In re Nanette Marie Sisk, No. 18-17445 (9th Cir. 2020)

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Justia Opinion Summary

The Bankruptcy Code does not prevent debtors from proposing and confirming plans with an estimated duration. After determining that it had jurisdiction over debtors' appeal, the Ninth Circuit held on the merits that the text and structure of the Code do not mandate a fixed term requirement for all Chapter 13 plans and that the panel should not add one without clear direction from the statute.

The panel also held that none of the reasons given by the bankruptcy appellate panel justify the finding that debtors proposed their initial plans in bad faith. Finally, the panel held that the bankruptcy court did not fail to hold a confirmation hearing within the timeframe prescribed by the Code and properly exercised its discretion by deferring consideration of debtors’ estimated-duration provisions until it could adequately address them. Accordingly, the panel affirmed in part, reversed and vacated in part, and remanded for further consideration.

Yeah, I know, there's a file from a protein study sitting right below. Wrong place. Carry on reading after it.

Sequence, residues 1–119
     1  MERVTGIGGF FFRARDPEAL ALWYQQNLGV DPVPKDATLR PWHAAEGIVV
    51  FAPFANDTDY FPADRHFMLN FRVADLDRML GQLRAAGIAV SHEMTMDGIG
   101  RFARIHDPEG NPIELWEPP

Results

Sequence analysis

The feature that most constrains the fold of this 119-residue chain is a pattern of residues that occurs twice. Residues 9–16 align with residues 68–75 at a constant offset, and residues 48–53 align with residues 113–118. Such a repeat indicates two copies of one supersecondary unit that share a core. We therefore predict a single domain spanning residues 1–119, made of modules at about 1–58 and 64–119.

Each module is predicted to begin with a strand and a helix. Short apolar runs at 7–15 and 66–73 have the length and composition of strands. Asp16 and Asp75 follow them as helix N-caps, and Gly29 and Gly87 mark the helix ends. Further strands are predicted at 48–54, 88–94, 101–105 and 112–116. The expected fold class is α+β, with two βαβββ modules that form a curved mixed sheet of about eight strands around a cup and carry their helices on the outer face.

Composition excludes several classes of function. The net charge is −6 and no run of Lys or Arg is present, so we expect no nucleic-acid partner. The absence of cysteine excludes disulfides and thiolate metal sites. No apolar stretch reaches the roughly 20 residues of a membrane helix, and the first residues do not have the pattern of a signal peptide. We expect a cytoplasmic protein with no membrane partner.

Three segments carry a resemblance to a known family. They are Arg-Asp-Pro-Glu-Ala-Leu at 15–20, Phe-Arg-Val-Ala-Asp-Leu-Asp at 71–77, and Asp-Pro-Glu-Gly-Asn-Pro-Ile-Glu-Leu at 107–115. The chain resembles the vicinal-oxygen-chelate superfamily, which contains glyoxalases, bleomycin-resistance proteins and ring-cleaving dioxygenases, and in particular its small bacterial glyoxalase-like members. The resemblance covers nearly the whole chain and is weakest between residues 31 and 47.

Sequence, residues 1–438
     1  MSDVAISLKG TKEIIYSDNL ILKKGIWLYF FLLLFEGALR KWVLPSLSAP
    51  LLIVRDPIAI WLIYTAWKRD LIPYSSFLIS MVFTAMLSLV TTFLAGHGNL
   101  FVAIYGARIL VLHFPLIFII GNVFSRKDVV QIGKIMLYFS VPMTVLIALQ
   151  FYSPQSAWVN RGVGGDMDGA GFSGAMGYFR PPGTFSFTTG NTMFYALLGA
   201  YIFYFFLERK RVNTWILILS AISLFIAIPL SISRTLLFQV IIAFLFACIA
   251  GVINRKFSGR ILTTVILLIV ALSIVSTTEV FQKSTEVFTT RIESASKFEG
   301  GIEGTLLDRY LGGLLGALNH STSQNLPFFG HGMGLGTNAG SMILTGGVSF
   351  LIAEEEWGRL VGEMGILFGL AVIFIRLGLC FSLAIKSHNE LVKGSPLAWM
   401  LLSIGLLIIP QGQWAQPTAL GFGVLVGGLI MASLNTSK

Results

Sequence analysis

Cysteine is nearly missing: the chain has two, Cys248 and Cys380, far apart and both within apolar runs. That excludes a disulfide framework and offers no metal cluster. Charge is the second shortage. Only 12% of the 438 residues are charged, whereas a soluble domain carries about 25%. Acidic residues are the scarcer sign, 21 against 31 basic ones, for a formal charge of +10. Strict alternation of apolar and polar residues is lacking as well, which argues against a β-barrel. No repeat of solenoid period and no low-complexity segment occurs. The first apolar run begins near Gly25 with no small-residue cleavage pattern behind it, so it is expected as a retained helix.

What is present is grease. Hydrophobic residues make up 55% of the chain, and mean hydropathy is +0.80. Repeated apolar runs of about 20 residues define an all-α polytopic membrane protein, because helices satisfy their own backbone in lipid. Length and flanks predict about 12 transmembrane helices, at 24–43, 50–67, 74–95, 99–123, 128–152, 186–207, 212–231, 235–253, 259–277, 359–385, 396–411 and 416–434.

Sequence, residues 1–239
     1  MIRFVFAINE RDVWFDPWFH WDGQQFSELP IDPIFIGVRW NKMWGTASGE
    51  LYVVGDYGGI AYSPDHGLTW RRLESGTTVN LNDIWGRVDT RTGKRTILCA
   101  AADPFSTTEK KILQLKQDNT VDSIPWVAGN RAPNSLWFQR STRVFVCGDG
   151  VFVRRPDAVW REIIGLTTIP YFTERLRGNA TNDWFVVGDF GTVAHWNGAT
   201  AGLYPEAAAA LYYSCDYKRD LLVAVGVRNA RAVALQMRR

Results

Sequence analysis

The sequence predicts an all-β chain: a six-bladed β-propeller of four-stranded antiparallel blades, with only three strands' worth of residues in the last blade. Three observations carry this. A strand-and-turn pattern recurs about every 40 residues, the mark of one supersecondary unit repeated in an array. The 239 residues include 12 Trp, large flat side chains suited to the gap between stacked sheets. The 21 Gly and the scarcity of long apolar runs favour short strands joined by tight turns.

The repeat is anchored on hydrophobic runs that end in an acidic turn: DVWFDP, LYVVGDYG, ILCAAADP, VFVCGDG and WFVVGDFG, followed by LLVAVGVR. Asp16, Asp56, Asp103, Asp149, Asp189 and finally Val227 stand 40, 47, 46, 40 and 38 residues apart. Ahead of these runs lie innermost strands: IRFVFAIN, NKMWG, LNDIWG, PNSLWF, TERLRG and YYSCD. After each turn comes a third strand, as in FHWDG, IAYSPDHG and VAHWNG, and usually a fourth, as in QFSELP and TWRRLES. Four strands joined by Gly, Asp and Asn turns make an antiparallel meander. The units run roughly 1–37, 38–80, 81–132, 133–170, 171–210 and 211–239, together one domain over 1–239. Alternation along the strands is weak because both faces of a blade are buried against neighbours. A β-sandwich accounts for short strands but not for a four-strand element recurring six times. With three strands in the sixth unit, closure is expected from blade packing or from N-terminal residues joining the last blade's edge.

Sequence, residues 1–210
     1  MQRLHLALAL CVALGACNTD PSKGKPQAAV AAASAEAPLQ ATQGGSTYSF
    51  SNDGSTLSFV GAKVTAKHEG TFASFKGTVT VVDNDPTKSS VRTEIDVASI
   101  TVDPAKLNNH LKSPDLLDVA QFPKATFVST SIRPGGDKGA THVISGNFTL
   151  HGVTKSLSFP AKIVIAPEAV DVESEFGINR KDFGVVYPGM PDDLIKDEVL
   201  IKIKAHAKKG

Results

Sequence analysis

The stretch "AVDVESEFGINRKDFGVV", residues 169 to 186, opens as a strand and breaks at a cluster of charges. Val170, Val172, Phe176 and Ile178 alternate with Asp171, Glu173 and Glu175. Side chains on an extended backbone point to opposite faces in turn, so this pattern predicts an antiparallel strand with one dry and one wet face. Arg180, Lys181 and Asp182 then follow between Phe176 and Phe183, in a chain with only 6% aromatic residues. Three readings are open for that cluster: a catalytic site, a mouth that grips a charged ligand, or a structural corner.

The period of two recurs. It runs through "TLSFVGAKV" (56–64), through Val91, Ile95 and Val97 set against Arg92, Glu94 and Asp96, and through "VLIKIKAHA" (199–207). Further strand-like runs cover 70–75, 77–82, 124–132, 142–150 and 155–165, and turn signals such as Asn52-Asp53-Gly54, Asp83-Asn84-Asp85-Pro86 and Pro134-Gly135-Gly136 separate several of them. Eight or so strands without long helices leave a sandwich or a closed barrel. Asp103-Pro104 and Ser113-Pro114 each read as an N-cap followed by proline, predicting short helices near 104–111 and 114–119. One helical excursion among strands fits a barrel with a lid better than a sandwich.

Court Description: Bankruptcy. The panel affirmed in part and reversed and vacated in part the Bankruptcy Appellate Panel’s decision refusing to allow confirmation of four Chapter 13 debtors’ plans with an estimated duration, and the bankruptcy court’s subsequent confirmation of plans with a fixed duration. Neither the bankruptcy trustee nor any unsecured creditor objected to debtors’ plans. The BAP affirmed the bankruptcy court’s rejection of the initial plans as in violation of the Bankruptcy Code and not proposed in good faith. On remand, the bankruptcy court confirmed plans with a fixed duration. This court then granted debtors’ certifications for direct appeal. The panel held that even though only the debtors challenged the bankruptcy court’s ruling, the panel had jurisdiction to consider their appeal because they suffered an “injury in fact” sufficient to confer standing. The panel held that, as the only parties, the debtors need not establish prudential standing. Further, the lack of an appellee did not deprive the panel of jurisdiction, and the lack of an objection by creditors did not insulate the bankruptcy court from appellate review or abrogate debtors’ rights to challenge plan provisions that could detrimentally affect their interests. 4 IN RE SISK Reversing, the panel held that when there is no objection, a bankruptcy plan need not include a fixed duration because no express provision of Chapter 13, even when viewed in the context of its broader structure, prohibits plans with estimated lengths. The panel concluded that neither 11 U.S.C. § 1322 nor § 1325 points to an express fixed or minimum duration requirement for Chapter 13 plans absent an objection, and neither provision prohibits estimated term plans. Read together, the Bankruptcy Code provides for a maximum duration for all plans and a minimum duration for objected-to plans. The panel concluded that the clear implication of this framework was that, for plans with no objection, the Code provides no minimum or fixed durations. The panel concluded that the Code’s structure also supported a debtor’s ability to include estimated terms, and allowing estimated terms would not nullify a trustee’s or creditor’s modification rights under 11 U.S.C. § 1329. The panel vacated the BAP’s ruling that the debtors’ proposed their initial plans in bad faith. Affirming in part as to the BAP’s holding regarding the bankruptcy court’s confirmation procedures, the panel held that the bankruptcy court did not fail to hold a confirmation hearing within the timeframe prescribed by the Code and properly exercised its discretion by deferring consideration of debtors’ estimated-duration provisions until it could adequately address them. The panel affirmed in part, reversed and vacated the BAP’s decision in part, and remanded for further consideration. IN RE SISK 5